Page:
All posts by Gary

About Gary

Piano Teacher with over 40 years experience, teaching in the Fort Lauderdale area. Teaches exclusively at All County Music in Tamarac FL.

Leitmotivs in Star Wars

A guiding motif:

A Leitmotiv (German for “guiding motif”) is a theme that announces characters. Wagner was famous for using this idea, although he did not use the word “Leitmotiv”, but perhaps the most famous use of the Leitmotiv is by John Williams in Star Wars.

Here are just a few of the iconic themes that were all used and well-known by the time the first three films were completed. Using the idea of “famous old popular music”, which in this case is more like “slightly older popular music”, we now come to something a big different, since John Williams is still composing more music for Star Wars movies, some of which have not yet been released. How he writes these themes that we all know and can’t forget remains a mystery that I absolutely do not understand.

Darth Vader’s Theme

By the way, Darth Vader’s Theme uses only minor chords, moving from key to key.

Luke Skywalker’s Theme

Princess Leia’s Theme

Jedi Theme

Yoda’s Theme

 

Other Altered Major Scales

Is it a mode or an altered scale

If it’s not a mode, it’s an altered scale. So any mode that has a major sound but changes one note, or adds a note, will still be normal major if it also has maj7.

This is major, in any key:

1 2 3 4 5 6 maj7 8

All of the scales below are not major scales. At least one note is changed. But they all retain the major sound because they all have 3 and maj7.

  • 1 b2 3 4 5 6 maj7 8
  • 1 2 3 4 5 #5 6 maj7 8
  • 1 2 3 #4 5 6 maj7 8
  • 1 2 3 4 5 6 (b)7 maj7 8
  • 1 2 #2 3 4 5 6 (b)7 maj7 8
  • 1 2 3 4 #4 5 6 maj7 8

One of these scales is not an altered scale because it turns into a mode. Can you spot the mode?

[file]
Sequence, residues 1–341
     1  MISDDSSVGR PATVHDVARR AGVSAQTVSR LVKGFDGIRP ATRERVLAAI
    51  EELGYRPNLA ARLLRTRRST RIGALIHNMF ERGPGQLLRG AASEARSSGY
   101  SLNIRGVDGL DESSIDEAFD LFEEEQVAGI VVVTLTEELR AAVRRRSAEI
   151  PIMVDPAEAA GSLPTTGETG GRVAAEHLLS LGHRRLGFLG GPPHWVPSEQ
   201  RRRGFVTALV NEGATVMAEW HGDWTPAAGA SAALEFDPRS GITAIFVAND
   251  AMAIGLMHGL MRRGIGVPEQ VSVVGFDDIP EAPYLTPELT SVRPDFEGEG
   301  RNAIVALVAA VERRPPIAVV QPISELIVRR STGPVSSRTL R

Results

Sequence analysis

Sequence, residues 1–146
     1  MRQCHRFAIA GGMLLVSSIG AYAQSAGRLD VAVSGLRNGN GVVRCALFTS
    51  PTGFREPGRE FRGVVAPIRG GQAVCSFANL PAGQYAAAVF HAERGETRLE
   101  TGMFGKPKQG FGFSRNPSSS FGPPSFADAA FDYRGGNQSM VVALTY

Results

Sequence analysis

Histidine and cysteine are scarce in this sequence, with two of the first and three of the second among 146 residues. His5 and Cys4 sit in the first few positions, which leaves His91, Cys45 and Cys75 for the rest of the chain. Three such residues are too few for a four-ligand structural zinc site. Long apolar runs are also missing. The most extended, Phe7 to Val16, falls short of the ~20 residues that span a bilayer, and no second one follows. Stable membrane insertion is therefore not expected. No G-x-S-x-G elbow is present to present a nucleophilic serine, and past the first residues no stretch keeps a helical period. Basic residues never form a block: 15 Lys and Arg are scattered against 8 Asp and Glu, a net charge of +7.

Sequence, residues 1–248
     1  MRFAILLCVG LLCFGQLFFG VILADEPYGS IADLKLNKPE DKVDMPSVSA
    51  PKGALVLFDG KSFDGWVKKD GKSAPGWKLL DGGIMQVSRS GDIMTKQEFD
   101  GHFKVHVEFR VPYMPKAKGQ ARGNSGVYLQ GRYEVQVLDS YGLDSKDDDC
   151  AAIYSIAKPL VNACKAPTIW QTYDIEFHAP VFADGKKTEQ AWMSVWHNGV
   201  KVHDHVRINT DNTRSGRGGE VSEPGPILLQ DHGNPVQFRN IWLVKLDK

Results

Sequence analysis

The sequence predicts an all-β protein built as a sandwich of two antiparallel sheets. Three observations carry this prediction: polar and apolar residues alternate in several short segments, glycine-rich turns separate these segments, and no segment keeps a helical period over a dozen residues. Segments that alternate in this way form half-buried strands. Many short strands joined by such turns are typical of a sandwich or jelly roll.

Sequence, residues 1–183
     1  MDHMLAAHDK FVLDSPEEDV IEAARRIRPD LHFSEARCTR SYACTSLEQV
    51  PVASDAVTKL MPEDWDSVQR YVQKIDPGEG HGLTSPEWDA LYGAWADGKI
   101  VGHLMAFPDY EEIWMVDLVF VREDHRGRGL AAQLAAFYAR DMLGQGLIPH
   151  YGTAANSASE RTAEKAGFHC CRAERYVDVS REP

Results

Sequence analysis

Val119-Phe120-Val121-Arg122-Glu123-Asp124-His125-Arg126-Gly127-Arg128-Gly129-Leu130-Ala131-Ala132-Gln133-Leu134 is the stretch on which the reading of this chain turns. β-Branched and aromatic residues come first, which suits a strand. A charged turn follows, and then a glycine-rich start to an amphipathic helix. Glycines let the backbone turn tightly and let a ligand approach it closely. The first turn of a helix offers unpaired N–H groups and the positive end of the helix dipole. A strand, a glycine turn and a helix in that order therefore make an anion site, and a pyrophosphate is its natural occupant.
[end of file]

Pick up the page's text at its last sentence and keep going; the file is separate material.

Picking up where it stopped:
The rest have a variety of names, none of which are the least bit important. However, when you see the same number twice in a row, like 2 and #2, there is a passing tone added. And there is absolutely no rule about now many passing tones can be in a scale.

 

Traditional Minor Scales

(In the PDF, the scales talked about here are on pages 5 to the end. There are three traditional minor scales always taught – simple minor, harmonic minor and natural minor, also Aeolian. Melodic minor is not a minor scale – it is two minor scales, simple ascending and natural descending.)

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Problem Minor Scales

There is an easy way to change major into minor. For simple minor, b3. For harmonic minor, b3 and b6. For natural minor, also Aeolian, b3, b6 and b7. Remember, all modes and all altered scales are formed or can be formed by changing the major scale. Aeolian is a mode. Simple and harmonic minor are altered scales. This takes care of forming these scales, but there are problems in some for fingering.

In general you just keep the same fingering as you change the scales. For instance, C major and all three C minor scales use the same fingering in both hands. But this is not always true, so I have shown when they change. Gb F# and related minors are the most confusing.

All Major Scales by Fingering Groups

(In the PDF, the scales talked about here are on pages 1 through 4.The major scales fall into three distinct categories. Following the major scales I notated the problem minor scales, the ones that change fingerings.)

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Scales in All Keys

There are 12 altogether. 10 of the 12 fall into only two groups, with the remaining two being unique in that the thumbs never play together at the same time in both hands.

The first group is the easiest to learn and consists of: Db major, Gb major, B major and F major. I call them “Thumbs Together Scales”.
I’ve added a legend. The black 3 is for what I call “cat’s paws”, which happen on the scales with all the black notes. Black two is for V fingers, where the fingers play the pair of black keys. The yin-yang symbol is for the cat’s paw idea as it transitions to two of three white keys in the F scale.